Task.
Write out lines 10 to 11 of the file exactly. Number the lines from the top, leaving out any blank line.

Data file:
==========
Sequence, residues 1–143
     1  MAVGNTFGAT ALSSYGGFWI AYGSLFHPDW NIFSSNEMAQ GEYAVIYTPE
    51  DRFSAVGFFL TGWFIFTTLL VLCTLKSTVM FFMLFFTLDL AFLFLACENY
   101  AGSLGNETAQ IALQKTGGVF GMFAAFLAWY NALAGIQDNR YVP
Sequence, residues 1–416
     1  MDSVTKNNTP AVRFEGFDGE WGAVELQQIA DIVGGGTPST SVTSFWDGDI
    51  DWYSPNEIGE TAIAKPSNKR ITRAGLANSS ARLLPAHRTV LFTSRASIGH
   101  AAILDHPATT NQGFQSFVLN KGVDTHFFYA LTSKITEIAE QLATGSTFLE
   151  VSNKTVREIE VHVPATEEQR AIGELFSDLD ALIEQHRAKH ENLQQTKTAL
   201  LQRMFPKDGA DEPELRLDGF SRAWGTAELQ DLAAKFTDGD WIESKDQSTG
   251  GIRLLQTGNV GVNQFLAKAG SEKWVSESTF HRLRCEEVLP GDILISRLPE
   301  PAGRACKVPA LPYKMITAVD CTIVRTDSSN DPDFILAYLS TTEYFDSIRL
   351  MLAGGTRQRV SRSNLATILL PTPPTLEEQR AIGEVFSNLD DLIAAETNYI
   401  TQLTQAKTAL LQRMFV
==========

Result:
   201  LQRMFPKDGA DEPELRLDGF SRAWGTAELQ DLAAKFTDGD WIESKDQSTG
   251  GIRLLQTGNV GVNQFLAKAG SEKWVSESTF HRLRCEEVLP GDILISRLPE